Not long ago, I called the Veterans Affairs hospital nearby and followed their automatic system through a series of lengthy prompts until I was finally placed in touch with their mental health department. I was not “suffering a mental health crisis,” so I did not push the button that indicated I was. I would wait in line like everybody else. If somebody actually needed help, I wanted that line open, at any rate.
After the line rang unanswered for a few minutes, the system automatically spit me back to the main operator switchboard, where I told them that I was trying to reach their mental health department. Very apologetic and friendly, the lady transferred me over yet again. More ringing.
Ten minutes and a few more “spit backs” later, somebody finally picked up the phone and informed me that I needed to speak with the chief secretary of the department for my question. They would transfer me to that number. Nobody answered, so I left a message. I’m glad my matter wasn’t urgent.
The reason for my call was this: I am attempting to gain access to the VA mental health staff for a series of interviews wherein I inquire what they have found to be the greatest challenges (mentally and emotionally) facing readjusting to civilian life, and what are their treatment solutions to best help them with the transition. Not only am I curious, but more importantly, I am concerned. I have friends who are struggling, and the facts show many more that I do not know do as well. Were this not the case, the VA itself wouldn’t estimate that 5,000 veterans will take their own lives this year.
In addition to learning what the VA is doing to best help these men and women, I am also interested to determine what we, as family members, loved ones, friends, fellow veterans and Americans alike may do to best assist the VA in their treatments and also best support our veteran friends. Certainly there is something more that we can do – and what better way than to hear the suggestions from the professionals devoted to assisting them? It seems like a good use of my time, potentially productive, and also potentially helpful to the numbers of men and women that need it most.
The next day, having received no call-back, I tried again and spoke with the chief secretary. She told me that I needed to speak with the department head, and forwarded me to that number. No answer. I left a message, grew impatient soon thereafter, and tried again. At last, I spoke with the right person. Well, not really. She directed me to their Public Affairs office, and I was connected with an agent who quickly informed me that I needed to submit the entire proposal to them via e-mail. Oh dear, now I needed to write things down, which I had not yet done.
Nevertheless, I got my act together, wrote something up, had a friend edit it and offer some good suggestions, and then submitted the entire package to the hospital’s public affairs office. A day later, she e-mailed back that the proposal had been sent to regional headquarters for further examination and approval/denial. Now we’re getting somewhere.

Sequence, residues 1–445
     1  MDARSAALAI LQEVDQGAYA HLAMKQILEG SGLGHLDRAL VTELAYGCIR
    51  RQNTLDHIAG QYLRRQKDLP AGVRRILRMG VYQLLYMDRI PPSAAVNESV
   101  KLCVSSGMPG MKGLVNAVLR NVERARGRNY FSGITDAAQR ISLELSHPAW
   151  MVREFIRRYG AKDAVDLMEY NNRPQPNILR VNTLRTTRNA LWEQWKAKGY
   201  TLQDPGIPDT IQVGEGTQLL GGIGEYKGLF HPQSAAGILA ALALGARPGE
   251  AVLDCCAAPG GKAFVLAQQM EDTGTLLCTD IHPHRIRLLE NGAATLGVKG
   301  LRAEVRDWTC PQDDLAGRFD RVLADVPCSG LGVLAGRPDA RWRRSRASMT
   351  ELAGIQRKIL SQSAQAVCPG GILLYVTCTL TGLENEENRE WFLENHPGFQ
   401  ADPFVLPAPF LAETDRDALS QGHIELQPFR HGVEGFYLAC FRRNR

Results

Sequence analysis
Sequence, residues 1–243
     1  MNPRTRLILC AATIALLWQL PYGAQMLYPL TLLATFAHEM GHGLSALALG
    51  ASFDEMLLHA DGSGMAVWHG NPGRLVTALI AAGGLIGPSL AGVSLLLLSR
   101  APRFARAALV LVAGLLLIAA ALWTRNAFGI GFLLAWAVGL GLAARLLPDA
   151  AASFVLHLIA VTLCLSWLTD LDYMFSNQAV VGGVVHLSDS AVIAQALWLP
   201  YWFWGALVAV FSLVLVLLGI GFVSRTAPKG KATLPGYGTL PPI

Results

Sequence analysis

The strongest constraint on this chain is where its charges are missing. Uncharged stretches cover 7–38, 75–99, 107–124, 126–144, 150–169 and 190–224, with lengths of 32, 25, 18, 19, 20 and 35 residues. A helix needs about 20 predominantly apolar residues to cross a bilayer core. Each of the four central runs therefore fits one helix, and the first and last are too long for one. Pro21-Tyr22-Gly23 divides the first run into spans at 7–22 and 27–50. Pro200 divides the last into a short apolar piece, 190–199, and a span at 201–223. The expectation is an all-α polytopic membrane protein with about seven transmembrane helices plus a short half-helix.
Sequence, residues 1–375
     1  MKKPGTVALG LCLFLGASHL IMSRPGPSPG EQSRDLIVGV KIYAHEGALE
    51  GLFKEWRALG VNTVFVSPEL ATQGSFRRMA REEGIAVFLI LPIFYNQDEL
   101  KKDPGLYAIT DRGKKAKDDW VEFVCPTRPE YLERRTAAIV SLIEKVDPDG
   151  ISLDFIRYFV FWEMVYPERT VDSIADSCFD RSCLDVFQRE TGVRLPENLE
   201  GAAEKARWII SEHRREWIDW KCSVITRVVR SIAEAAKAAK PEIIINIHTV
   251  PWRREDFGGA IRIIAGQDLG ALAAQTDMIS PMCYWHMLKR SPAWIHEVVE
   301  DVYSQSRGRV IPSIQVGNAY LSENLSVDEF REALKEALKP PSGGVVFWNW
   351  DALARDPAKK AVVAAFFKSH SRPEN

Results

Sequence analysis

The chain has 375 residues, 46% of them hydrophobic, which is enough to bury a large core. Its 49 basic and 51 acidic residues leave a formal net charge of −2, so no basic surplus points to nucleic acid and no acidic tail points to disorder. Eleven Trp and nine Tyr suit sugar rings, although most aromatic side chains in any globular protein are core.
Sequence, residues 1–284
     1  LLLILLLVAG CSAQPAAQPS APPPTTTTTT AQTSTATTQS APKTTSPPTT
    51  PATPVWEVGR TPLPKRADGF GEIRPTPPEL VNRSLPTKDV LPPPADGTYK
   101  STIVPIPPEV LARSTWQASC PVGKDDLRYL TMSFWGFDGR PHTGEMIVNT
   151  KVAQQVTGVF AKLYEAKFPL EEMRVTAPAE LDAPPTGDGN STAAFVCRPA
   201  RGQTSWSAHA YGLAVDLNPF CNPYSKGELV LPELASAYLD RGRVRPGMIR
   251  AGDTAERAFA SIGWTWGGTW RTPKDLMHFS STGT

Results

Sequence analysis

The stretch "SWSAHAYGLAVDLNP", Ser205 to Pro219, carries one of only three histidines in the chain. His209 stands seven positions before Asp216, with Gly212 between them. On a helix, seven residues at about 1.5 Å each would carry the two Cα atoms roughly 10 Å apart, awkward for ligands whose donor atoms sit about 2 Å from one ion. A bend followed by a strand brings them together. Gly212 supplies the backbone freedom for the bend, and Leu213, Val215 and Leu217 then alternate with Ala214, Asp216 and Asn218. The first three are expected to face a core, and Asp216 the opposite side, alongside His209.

Readers may recall that I wrote a post a few weeks ago about my positive experience at my local VA clinic, wherein I dealt with a very competent, friendly, and concerned doctor with an outstanding memory. Towards the end of that piece, I also indicated that I was considering sending them a thank-you letter for their professional and caring service to veterans. And I did just that about a week ago.
Yesterday, I received a phone call from the doctor herself, thanking me for my letter, which they found encouraging, and also thanking me for the humorous post (which I boldly included) regarding VA facilities and my good experiences at her particular clinic.
“We all really enjoyed it, and you write well, so I went ahead and forwarded it to the Richmond. I hope that’s okay.”
It was not, but I didn’t tell her that. It was VERY not okay.
This is the same place to which I just submitted a serious research proposal, and now another document, also replete with my name, as arrived on their doorstep, this one making comparisons of their facilities to Russian sanitariums. The two documents – one written seriously with an eye towards professional research, and the other geared towards poking fun at a massive government entity – are almost completely contradictory.
I have no idea if the same people will see these documents. Nor do I know if it will make any appreciable difference. It’s rather disturbing that a mere eight months after beginning regular writing, some of my material is already potentially biting me in the butt. For the moment, all I can do is hope that one group reads on piece and finds it humorous, another group reads the other piece and finds it inspiring, and that never the twain shall meet. Ever. And in the future, be more careful about what I write.
Copyright © 2009, Ben Shaw
All Rights Reserved